Sam Antar has a great article today on Overstock.com (NASDAQ:OSTK) continuing to overstate EBITDA. Specifically, Sam says:
In Overstock.com’s Q1 2008 earnings release and 10-Q report the company continued to improperly remove from its EBITDA calculation, certain stock-based expenses in violation of Regulation G. As a result, Overstock.com’s reported Q1 2008 EBITDA of $3.524 million was materially overstated by $1.339 million or about 61%.
And of course, that overstatement is in addition to the overstatement that results from Overstock.com calculating EBITDA by starting with operating income, instead of net income, as required by the SEC rules. Some people erroneously believe it’s okay to start with a different figure when calculating EBITDA. That’s not true.
The SEC does not permit companies to do that because of the confusion it could cause:
Question 15: If EBIT or EBITDA is presented as a performance measure, to which GAAP financial measure should it be reconciled?
Answer 15: Because EBIT and EBITDA exclude recurring charges, companies should consider the answer to Question 8 if they intend to use EBIT or EBITDA as a performance measure. If a company is able to justify such use, EBIT or EBITDA should be reconciled to net income as presented in the statement of operations under GAAP. Operating income would not be considered the most directly comparable GAAP financial measure because EBIT and EBITDA make adjustments for items that are not included in operating income.
But the problems are even deeper than Overstock’s starting point for calculating EBITDA. The company also improperly excluded stock-based compensation from their calculation which cause further overstatement.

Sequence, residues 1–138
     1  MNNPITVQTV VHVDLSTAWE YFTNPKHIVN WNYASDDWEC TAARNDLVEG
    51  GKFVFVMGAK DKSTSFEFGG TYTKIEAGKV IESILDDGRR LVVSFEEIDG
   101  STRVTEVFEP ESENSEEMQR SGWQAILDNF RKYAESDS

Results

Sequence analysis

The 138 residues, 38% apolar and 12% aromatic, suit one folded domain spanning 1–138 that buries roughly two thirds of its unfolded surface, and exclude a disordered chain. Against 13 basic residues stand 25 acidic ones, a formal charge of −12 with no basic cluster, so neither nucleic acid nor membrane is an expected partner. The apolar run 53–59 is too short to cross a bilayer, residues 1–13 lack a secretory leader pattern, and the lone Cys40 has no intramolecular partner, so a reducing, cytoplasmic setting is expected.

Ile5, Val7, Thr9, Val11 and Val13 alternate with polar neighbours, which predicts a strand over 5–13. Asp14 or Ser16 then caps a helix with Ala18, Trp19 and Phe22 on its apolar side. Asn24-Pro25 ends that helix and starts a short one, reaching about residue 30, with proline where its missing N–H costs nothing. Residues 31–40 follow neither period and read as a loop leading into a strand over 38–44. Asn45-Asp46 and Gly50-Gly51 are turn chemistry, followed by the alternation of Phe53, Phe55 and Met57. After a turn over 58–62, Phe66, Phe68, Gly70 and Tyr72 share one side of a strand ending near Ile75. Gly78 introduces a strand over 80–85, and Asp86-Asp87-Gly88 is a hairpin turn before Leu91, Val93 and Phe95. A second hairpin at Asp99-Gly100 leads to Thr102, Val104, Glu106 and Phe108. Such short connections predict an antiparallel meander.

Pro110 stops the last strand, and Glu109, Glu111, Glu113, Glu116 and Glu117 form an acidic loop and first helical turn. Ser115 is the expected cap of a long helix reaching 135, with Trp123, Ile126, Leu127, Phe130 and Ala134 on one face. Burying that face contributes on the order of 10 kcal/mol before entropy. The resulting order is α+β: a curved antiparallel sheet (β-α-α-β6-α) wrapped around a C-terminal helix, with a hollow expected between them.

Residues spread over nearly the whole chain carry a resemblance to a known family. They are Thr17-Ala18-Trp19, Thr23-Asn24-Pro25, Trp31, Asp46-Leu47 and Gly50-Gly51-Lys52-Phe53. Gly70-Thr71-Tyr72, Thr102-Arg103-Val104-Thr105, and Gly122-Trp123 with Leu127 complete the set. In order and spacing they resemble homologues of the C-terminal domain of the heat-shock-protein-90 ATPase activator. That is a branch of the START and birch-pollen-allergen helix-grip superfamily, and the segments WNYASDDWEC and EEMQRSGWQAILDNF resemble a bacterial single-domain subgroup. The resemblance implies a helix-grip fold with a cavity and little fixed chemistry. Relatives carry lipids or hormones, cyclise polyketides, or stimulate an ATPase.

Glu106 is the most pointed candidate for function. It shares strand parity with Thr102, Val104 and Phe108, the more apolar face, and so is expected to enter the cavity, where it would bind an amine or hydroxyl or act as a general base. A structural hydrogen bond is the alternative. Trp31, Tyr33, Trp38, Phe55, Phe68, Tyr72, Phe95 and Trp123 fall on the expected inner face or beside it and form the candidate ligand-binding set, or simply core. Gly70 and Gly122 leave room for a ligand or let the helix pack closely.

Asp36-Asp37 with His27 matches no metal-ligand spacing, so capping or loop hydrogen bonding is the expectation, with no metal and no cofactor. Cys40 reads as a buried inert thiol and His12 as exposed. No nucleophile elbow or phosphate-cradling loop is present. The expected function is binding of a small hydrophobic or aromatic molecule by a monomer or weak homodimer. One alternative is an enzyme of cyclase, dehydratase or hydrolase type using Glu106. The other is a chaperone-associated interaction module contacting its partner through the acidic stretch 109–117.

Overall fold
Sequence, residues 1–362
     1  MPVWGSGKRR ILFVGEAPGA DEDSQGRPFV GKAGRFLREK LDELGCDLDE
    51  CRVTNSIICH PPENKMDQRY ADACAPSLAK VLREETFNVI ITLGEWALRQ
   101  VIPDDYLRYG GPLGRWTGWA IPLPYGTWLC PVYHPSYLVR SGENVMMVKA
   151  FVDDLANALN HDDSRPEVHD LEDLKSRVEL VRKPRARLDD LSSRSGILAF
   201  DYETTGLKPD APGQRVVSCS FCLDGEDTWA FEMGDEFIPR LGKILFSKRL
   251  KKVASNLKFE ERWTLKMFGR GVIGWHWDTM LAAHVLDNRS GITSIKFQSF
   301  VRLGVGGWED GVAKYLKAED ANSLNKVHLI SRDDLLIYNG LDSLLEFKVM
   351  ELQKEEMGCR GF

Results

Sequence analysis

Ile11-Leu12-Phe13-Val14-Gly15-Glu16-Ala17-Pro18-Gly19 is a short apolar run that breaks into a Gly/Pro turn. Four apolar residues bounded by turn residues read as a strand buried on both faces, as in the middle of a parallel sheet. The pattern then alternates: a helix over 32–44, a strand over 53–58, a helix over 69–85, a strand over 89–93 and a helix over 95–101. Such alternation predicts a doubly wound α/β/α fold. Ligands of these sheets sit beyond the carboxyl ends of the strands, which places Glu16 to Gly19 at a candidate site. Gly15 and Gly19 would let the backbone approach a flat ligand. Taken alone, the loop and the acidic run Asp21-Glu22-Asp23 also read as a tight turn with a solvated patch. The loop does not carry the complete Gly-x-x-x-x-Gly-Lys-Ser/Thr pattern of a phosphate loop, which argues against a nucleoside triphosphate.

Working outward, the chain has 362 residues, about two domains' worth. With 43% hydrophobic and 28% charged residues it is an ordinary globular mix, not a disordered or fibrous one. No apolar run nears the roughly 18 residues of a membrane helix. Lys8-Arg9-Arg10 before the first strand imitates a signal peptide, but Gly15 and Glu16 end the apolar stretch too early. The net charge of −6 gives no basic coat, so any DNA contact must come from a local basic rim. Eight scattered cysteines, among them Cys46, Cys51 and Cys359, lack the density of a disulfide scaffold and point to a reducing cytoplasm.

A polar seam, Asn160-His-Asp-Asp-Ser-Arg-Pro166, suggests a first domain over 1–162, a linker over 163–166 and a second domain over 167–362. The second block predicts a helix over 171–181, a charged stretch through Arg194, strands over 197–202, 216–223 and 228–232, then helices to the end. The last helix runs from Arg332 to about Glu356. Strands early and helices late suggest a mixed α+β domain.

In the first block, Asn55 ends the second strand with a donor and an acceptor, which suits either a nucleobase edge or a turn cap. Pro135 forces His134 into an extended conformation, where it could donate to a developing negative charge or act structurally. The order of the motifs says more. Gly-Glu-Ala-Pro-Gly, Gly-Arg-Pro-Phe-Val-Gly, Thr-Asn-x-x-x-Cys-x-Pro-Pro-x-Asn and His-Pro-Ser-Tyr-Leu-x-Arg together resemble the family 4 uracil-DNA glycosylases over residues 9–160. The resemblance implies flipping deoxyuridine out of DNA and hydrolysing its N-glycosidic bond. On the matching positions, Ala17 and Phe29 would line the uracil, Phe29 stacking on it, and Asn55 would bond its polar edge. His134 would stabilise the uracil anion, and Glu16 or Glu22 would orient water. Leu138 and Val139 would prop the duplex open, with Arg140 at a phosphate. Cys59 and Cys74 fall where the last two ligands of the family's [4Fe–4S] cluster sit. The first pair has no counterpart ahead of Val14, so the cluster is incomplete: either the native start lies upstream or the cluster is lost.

Sam’s article cites the SEC’s opinion with regard to improper reporting of EBITDA at CGG Veritas, which had removed stock based compensation from its calculation of EBITDA, causing EBITDA to be overstated. The SEC said:
With regard to your disclosure of a non-GAAP measure labeled EBITDA:
The acronym EBITDA refers specifically to earning before interest, tax, depreciation and amortization. However, your measure also adjusts earnings for stock option expense. We will not object to your using such a measure as a liquidity measure but request that you rename it to avoid investor confusion.
The SEC is clear. Calculate what you want, but don’t call it EBITDA when it’s not.
What’s the effect of Overstock’s bogus EBITDA calculation? Here’s what Overstock reported:
And here’s how EBITDA should have been calculated:
What’s the difference? A 61% overstatement of EBITDA in 2008. That sounds material to me. Oops. But we’re just picking on Overstock, right? How dare we point out that Patrick Byrne and his incompetent executives, board, and auditors are presenting numbers to the investing public that are complete fiction?
And here’s an interesting question: Exactly what are Overstock’s auditors doing? Because they certainly don’t seem to be examining the disclosures made in the SEC filings. Hello? PricewaterhouseCoopers? Are you out there? Isn’t verifying calculations and disclosures (especially ones so basic) part of your job?